order denying Appellant's motion, holding that any
scoresheet error was harmless because the court could
have imposed the same sentence under a correct
support of its decision to deny relief, the circuit court
relied on Brooks v. State, 969 So.2d 238, 243 (Fla.
2007). The court's reliance on Brooks is
misplaced, as that case involved the standard to be applied
to scoresheet errors, rather than the standard to be applied
when dealing with a vacated conviction. In general, where a
conviction is vacated due to a double jeopardy violation,
that defendant should be properly sentenced under a
scoresheet that does not include points for that vacated
conviction. See Fernandez v. State, 199 So.3d 500,
502 (Fla. 2d DCA 2016) (holding that when postconviction
court vacated defendant's burglary conviction, defendant
had absolute right to be resentenced under correct scoresheet
that utilized only his actual convictions). Moreover, the
error is not harmless if the trial court had discretion when
imposing sentences on the remaining counts and sentenced the
defendant in his absence using an incorrect scoresheet.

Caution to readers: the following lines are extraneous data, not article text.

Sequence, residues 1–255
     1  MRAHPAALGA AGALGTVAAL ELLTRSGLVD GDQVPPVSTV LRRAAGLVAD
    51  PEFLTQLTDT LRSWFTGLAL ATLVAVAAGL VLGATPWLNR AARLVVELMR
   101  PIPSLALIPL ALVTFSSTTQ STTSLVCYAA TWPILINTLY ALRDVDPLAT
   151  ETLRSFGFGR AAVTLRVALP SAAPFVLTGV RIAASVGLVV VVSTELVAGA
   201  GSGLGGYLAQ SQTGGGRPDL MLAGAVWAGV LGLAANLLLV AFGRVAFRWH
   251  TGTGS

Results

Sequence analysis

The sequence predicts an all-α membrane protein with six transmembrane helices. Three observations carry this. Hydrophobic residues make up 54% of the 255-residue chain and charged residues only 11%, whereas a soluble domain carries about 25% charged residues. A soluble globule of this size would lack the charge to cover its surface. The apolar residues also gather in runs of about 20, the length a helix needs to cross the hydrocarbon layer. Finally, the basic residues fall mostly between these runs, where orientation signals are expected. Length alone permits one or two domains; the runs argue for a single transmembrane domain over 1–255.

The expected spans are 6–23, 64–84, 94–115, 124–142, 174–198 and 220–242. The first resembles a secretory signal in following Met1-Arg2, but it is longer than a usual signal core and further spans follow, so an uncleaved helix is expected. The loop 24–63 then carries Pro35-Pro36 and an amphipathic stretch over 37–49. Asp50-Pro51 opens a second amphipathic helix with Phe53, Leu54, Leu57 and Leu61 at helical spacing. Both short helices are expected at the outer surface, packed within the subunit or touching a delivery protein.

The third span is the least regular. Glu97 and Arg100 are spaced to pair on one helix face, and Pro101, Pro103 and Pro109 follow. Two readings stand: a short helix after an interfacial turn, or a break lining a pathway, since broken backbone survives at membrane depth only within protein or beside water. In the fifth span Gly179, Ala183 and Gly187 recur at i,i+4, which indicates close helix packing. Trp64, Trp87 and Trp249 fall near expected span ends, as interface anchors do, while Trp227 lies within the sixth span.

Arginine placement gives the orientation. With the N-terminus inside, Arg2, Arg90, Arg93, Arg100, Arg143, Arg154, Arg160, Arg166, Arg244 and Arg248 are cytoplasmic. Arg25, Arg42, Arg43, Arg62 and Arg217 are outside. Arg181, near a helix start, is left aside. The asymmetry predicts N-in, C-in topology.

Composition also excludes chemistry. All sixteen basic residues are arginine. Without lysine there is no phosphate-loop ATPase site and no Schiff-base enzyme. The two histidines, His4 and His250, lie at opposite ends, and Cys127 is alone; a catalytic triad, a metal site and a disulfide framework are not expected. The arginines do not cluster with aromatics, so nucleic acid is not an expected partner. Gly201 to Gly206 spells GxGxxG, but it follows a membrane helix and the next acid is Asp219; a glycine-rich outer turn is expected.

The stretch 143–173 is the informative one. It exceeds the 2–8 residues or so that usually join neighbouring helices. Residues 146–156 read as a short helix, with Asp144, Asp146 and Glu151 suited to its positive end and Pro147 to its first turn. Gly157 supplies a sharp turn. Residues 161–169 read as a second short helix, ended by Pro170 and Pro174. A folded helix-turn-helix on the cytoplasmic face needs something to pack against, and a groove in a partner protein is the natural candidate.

See Poma v. State, 245 So.3d 977, 978 (Fla. 3d DCA
case, the court had discretion when resentencing Appellant
for counts one, three, four, and five. Therefore, the court
was required to have Appellant present for resentencing with
a corrected scoresheet once it vacated his conviction and
sentence for count two. Accordingly, we reverse and remand
for resentencing with Appellant present before the court. On
remand, the court may impose any legal sentence.
should be noted that this Court's records reflect that
Appellant's current sentence on count one (life with a
three-year minimum mandatory) is illegal. In this case,
because the jury made the required special findings as to
count one that Appellant possessed and discharged a firearm
that resulted in the death of the victim, the trial court was
required to impose a minimum mandatory sentence ranging from
twenty-five years to life. § 775.087(2)(a)3, Fla. Stat.
(2004). However, at Appellant's original sentencing, the
trial court imposed a sentence of life with only a three-year
minimum mandatory as to count one. See e.g.,
Allen v. State, 853 So.2d 533, 534 (Fla. 5th DCA
2003) (affirming trial court's modification of sentence
from three-year minimum mandatory sentence to ten-year
minimum mandatory sentence where sentencing statute required
imposition of ten-year minimum mandatory sentence, and
therefore, three-year minimum mandatory sentence was
illegal); State v. Scanes, 973 So.2d 659 (Fla. 3d
DCA 2008) (recognizing that three-year minimum mandatory
imposed on kidnapping charge was illegal, as trial court was
required to impose ten-year minimum mandatory); State v.
Strazdins, 890 So.2d 334, 335 (Fla. 2d DCA 2004)
("When a trial court imposes a sentence that is shorter
than the required mandatory minimum sentence, the sentence is
not within the limits prescribed by law and is properly
viewed as an 'illegal' sentence."). The